BFP v. Resolution Trust Corp.
511 U.S. 531, 114 S. Ct. 1757, 128 L. Ed. 2d 556 (1994)

  • Barton and the Petersons formed BFP to speculate on real estate. They bought a house using a loan from Imperial Bank (who later sold the loan to Resolution).
  • BFP defaulted on the loan and the bank foreclosed. Imperial then sold the house for $433k.
    • The assessed market value of the house was $725k.
  • After the sale, but before Imperial could transfer the deed to the buyer, BFP declared bankruptcy. BFP sued for an injunction to block the sale.
    • BFP argued that Federal bankruptcy law (11 U.S.C. 548(a)(2)(A)) guarantees that debtors receive reasonably equivalent value for a foreclosed property.
    • BFP argued that the reasonably equivalent value was equal to the market value of the property in question.
  • The Trial Court found for Imperial. BFP appealed.
  • The Appellate Court affirmed. BFP appealed.
  • The US Supreme Court affirmed.
    • The US Supreme Court looked to the plain meaning of the word reasonable in the Statute and found that that the value received for a property at a foreclosure sale can be reasonable even if it is different from the fair market value.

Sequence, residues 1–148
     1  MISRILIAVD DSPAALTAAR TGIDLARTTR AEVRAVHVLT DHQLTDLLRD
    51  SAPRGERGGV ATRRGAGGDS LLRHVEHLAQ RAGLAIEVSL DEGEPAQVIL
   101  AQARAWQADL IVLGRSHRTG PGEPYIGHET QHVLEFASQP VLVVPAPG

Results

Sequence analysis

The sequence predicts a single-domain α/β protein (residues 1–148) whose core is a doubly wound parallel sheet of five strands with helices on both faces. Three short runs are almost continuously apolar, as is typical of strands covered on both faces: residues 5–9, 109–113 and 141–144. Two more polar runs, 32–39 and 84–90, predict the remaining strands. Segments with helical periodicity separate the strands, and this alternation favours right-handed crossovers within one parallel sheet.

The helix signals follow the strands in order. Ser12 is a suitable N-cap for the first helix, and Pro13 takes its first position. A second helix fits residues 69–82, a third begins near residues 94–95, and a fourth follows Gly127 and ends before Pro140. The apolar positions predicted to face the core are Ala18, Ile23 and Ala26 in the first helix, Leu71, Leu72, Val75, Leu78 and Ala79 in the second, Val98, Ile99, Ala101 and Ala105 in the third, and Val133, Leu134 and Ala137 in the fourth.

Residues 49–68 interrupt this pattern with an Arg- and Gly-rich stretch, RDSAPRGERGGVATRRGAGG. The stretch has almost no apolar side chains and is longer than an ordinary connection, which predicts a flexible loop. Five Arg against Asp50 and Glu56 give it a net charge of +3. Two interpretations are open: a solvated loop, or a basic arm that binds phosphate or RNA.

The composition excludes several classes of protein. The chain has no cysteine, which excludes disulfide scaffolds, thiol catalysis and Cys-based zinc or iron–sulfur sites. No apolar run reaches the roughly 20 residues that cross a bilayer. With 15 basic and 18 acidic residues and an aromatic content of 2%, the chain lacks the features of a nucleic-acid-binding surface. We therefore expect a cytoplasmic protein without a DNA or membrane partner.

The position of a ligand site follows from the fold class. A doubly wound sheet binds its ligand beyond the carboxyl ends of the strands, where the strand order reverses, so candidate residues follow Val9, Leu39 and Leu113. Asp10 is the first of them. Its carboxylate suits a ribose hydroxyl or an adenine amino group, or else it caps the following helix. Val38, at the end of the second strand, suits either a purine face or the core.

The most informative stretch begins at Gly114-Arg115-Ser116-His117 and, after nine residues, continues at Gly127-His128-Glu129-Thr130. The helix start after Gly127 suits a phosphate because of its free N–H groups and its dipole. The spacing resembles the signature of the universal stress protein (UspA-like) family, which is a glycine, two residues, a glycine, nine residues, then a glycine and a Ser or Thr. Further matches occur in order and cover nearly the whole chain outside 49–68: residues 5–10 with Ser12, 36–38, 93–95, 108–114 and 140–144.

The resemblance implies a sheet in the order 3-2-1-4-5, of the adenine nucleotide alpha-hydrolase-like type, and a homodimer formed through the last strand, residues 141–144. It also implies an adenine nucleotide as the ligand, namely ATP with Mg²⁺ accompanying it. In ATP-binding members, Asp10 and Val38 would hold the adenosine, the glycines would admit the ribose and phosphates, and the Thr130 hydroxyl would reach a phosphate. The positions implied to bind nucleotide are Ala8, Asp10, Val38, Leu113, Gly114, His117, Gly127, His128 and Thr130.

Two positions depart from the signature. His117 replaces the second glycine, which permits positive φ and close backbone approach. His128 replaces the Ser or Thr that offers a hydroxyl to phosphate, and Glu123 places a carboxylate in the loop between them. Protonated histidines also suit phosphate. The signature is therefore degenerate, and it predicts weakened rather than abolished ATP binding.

• The Court reasoned that a house in foreclosure will sell for a lower price than a house that isn't.
      • The Court found that the price at which the property is sold is reasonable so long as "all the requirements of the State's foreclosure law have been complied with."
        • Basically, the Statue is there to stop fraud, and there was no accusation of fraud in this case. The sale price in this case does not 'shock the conscious'.
      • There was no Statutory definition of fair market value.
    • Because Congress used different terms (fair market value and reasonably equivalent value) in the Statute, the Court found that they must have meant that there was a difference.
      • The meaningful variation doctrine.
  • In a dissent it was argued that the Court could have come up with a definition of reasonably equivalent value. It's a pretty clear term, so the Court should be able to find a definition for it.
    • In addition, the dissent argued that the legislative history shows that Congress meant for the Statute to deal with things like this.
  • In this case, by using the meaningful variation doctrine, the majority refused to define the term reasonable equivalent value and therefore basically ignore the clear purpose of the Statute.